Creating a work environment that focuses on people isn’t easy, especially if you work for a company that puts profit before people. But just because your company doesn’t prioritize its people doesn’t mean you’re powerless. As a leader, you are responsible for how you show up and make people feel, and you can make a difference in the lives of your employees and teammates, no matter your corporate culture. You can create a people-centric team.
And creating a people-centric team matters. Your employees, current and future, are prioritizing their ideal workplace culture. And if it’s not people-centric, you’ll lose the talent you need to meet your goals and move your teams and companies forward. You’ll be left behind.
According to a recent study performed by Korn Ferry, “By 2030, there will be a global human talent shortage of more than 85 million people, or roughly equivalent to the population of Germany. This talent shortage could result in about $8.5 trillion in unrealized annual revenues.” These predictions are staggering. And worrisome.
In fact, last week, I gave a keynote speech on creating a people-centric team or organization for the American Fuel and Petroleum Manufacturers Safety conference. This topic was well-received. Leaders across all industries are trying to figure out how to attract, retain and develop talent, but many don’t know where to start. It can be daunting, especially if a significant shift in corporate culture is required. To this point, an audience member asked me, “how can I create a people-first team when my company isn’t?”
Great question, and it’s a problem that’s solvable.
Because you don’t need a corporate initiative to move the needle toward building a people-centric team. What you need is personal initiative. Where do you start? Try these five tips.
1. Lead by example. How you show up sets the tone for your team. If you want your team to feel connected and collaborate well, behave in a way that inspires connection and collaboration. Be willing to tell personal stories that allow others to get to know you. Show them what good collaboration looks like by partnering with them on major initiatives. Be kind and compassionate and encourage them to treat each other similarly. Role model the behavior you’d like to see.
2. Make connecting a priority. Start every meeting off with a check-in. During my team meetings, we state how we are feeling and why. We also take turns telling a personal story. In my experience, sharing stories with vulnerability and openness sparks curiosity and makes people feel like they belong.
3. Talk about well-being. If you want to build a people-centric team, you must prioritize employee well-being. Start by regularly checking in on your teammates and asking how they are doing. Have beyond surface-level conversations. Dialog matters, and your employees want to know you care about their well-being. If they know you support their well-being, they are more likely to do what they need to do to take care of themselves, building a people-first team culture.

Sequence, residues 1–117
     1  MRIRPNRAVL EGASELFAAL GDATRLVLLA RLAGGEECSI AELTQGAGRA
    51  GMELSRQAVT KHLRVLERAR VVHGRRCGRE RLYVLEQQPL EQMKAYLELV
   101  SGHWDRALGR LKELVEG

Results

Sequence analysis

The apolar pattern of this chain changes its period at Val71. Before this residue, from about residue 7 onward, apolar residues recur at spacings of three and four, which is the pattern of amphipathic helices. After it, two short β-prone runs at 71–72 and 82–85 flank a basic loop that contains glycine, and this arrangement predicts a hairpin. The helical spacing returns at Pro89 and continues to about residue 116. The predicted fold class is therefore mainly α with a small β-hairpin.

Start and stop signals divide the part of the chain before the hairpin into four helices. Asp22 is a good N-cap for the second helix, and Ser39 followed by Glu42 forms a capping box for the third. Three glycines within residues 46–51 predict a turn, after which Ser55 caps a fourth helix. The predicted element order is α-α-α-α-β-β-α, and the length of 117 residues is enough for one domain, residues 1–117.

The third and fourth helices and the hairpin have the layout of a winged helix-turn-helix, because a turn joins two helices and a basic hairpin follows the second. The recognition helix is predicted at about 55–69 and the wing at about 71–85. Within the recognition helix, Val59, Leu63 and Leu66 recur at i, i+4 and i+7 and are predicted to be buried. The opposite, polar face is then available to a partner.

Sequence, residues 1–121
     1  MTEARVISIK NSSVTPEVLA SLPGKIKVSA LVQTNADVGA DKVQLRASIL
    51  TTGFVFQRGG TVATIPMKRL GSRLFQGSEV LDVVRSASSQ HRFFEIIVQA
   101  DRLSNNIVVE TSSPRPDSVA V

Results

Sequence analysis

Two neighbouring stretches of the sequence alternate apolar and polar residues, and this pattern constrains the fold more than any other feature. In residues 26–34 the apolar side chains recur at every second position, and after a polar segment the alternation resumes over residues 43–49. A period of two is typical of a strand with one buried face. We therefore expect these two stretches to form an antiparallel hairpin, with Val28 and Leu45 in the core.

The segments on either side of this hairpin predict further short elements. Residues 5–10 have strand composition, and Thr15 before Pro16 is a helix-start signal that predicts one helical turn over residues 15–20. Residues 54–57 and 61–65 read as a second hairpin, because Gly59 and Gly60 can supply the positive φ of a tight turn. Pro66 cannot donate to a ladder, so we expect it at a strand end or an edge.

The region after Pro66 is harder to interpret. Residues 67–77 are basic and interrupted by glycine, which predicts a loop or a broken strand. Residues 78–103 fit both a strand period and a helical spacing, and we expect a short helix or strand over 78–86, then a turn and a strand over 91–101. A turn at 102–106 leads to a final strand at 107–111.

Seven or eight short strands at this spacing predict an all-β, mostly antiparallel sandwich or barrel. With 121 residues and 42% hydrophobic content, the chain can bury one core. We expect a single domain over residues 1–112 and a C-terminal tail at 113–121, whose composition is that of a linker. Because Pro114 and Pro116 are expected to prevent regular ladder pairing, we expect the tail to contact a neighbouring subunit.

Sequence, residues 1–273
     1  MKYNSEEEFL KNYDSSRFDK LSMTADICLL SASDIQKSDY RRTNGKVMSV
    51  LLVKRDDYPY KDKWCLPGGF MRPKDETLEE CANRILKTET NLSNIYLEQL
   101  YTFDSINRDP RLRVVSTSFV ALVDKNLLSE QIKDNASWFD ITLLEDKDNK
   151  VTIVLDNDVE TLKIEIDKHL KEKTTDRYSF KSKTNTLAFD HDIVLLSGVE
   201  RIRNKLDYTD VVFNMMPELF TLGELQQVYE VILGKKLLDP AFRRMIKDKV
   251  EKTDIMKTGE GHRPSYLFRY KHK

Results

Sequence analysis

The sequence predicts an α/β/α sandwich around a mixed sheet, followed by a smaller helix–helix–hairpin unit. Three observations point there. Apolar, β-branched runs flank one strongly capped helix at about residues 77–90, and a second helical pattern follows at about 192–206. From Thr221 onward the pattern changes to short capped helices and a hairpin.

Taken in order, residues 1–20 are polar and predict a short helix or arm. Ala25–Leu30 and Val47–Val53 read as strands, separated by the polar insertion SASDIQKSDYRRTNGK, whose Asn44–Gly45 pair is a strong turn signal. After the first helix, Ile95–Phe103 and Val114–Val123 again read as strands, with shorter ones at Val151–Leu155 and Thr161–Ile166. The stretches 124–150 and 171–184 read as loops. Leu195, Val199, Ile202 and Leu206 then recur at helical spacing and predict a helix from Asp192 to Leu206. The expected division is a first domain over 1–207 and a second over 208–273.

4. Give consistent recognition. Acknowledge your teammates’ and employees’ contributions regularly and ensure that everyone on your team is acknowledged. Everyone could use more praise and recognition, and when they get it from leadership, they feel seen and included.
5. Have difficult conversations. This advice may seem counterintuitive, but building a people-centric organization doesn’t mean that you can’t or shouldn’t give tough feedback or address issues. You should and you need to. People want to know where they stand, and they deserve to know if their performance isn’t meeting the team and company’s needs. People want to work for a leader who handles conflict and resolves issues effectively and decisively.
6. Don’t lose focus on business results. Being people-centric and results-oriented are not mutually exclusive; they go hand in hand. You can still drive performance and results and be people-centric. In my experience, the more you prioritize your people, the better business results you’ll achieve. Share your vision, set clear goals and expectations, confirm progress, course correct when necessary, and celebrate wins. Ideally, other leaders will see your success and want to follow your lead and transform their team into a people-centric, results-oriented team.
Creating people-centric teams and organizations is the way of the future. It takes time, effort, and intention, but it’s worth it. Start addressing these six points today, even if only in small ways. You must advocate for yourselves and your employees. Be the kind of leader who truly cares about creating a healthier workplace that supports your employee’s well-being and overall development. Be a leader worth following,
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